Pants, bored of my mooning, canons into my legs, then runs away laughing. I glare, but walk on. The stile onto Clump Lane is broken, its top bar loose from one side of its moorings. It’s lethal, crotch-wise, for anyone who puts their weight in the wrong place. I step over, careful of my sensible, thick tights.

We start walking up the Clump, towards Horley, the dogs weaving, play-fighting around my legs. I shout at them to go off, to go away, but then I shout to come on, faster, let’s go, come on. I’m chasing them up the hill, hooting to wind them up. My coat’s undone, my hat off. Warmed through. Happy.

On Walking: Sunday 9th June

Sometimes, Horley is so beautiful, so enchanted, that I can’t bear to leave it. I’m walking early, and with a thumping post-karaoke head, because today we’re off to Cambridgeshire.

I like Cambridgeshire, but today I don’t want to go anywhere. I want to be at home.

The dogs seem to know they’re being abandoned for the day, and they misbehave – Arfa Pants snatching Dora’s lead in his teeth, Dora deliberately tripping him up on his silly gangly legs.

I’m supposed to be going quick, because Stevie wants to get off before the traffic, but my progress is slow, because I keep noticing new things – a clump of yolk-yellow cowslips beneath a cherry tree, a Warwick Rose clematis storming darkly up a telegraph pole.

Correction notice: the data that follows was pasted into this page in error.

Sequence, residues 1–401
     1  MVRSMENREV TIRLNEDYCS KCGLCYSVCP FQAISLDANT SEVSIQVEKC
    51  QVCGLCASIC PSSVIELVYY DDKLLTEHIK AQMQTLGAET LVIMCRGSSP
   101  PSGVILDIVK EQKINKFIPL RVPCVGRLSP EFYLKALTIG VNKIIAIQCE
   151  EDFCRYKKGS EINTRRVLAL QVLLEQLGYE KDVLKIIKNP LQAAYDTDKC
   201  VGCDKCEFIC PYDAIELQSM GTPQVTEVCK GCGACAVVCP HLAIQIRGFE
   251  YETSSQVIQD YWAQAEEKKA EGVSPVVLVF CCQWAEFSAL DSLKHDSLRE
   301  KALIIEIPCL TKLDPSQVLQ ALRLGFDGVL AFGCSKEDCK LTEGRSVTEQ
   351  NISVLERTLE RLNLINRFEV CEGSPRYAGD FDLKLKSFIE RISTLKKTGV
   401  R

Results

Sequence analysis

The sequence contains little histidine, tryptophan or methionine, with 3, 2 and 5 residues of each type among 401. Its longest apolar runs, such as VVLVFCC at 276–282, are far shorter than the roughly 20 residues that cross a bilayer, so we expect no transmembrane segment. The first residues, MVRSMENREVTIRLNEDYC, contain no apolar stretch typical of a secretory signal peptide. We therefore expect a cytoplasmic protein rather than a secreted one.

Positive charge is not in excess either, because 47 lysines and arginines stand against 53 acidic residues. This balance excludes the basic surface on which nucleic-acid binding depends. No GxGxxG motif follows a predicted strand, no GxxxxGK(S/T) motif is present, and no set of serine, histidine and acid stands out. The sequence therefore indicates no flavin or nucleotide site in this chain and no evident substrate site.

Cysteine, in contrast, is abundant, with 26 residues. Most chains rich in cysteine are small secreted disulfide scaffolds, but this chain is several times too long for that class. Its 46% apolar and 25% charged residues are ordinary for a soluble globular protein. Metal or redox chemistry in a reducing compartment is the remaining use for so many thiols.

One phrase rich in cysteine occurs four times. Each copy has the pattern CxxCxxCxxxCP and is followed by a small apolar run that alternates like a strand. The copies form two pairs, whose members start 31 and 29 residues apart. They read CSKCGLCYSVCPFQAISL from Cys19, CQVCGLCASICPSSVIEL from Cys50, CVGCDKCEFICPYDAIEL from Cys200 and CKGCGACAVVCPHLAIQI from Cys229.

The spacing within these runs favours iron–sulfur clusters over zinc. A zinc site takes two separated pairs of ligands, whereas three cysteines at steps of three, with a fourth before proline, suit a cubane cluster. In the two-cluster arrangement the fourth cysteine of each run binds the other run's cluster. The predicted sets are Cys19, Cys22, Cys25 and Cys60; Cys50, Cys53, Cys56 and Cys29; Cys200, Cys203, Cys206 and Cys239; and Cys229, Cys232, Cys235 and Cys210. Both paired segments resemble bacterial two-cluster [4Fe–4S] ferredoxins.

Down by the stream, there’s a honeysuckle in flower. The delicate, delicate scent is just discernible above the stronger smells of lilac and nettle – it makes me think of being a child, and catching a glimpse of a very beautiful woman in a fabulous ball dress.

Arfa doesn’t think much to my mooniness, and starts talking (which sounds sweet, but is really NOT). Once he starts, I can’t make him stop, so I turn back up Wroxton Lane towards home, floating on a honeysuckle high. Thankfully, Arfa pipes down, and instead tries to chase Dora, who’s not on a lead.

I reach the bottom of Little Lane, and I really know I should go straight home. Stevie will have loaded the car, fed the cat, bawled the children out for roller-blading instead of cleaning their teeth.

I turn left, beneath a small horse chestnut with salmon-coloured blossom. I let Arfa pull me up the steep hill, and we stop half way to inspect some creamy-white rock roses, jaunty above drying aubretia. There are more rock roses further on, red this time, and with two fat, furry bees circling thoughtfully.

Outside the Manor is one of my favourite treats – an old copper beech in its absolute prime. From the outside, its leaves are a glossy aubergine, but inside the leaves are the most glorious gold-green, and as you gaze up, you feel that pulse of awe you get from cathedrals.

My phone beeps a text in my back pocket, and I know without looking it will be Stephen. I quicken my step, and jog the rest of the hill to Ross’ paddock, where I let Arfa off. Dora vanishes. The grass in there is higher than my knees, and in the distance, the rape fields are a soft green, just smudged now with yellow here and there. The Scout Woods are on the opposite hillside, and with its band of evergreens looks like an ironic eyebrow, lifted at the antics of Horley villagers.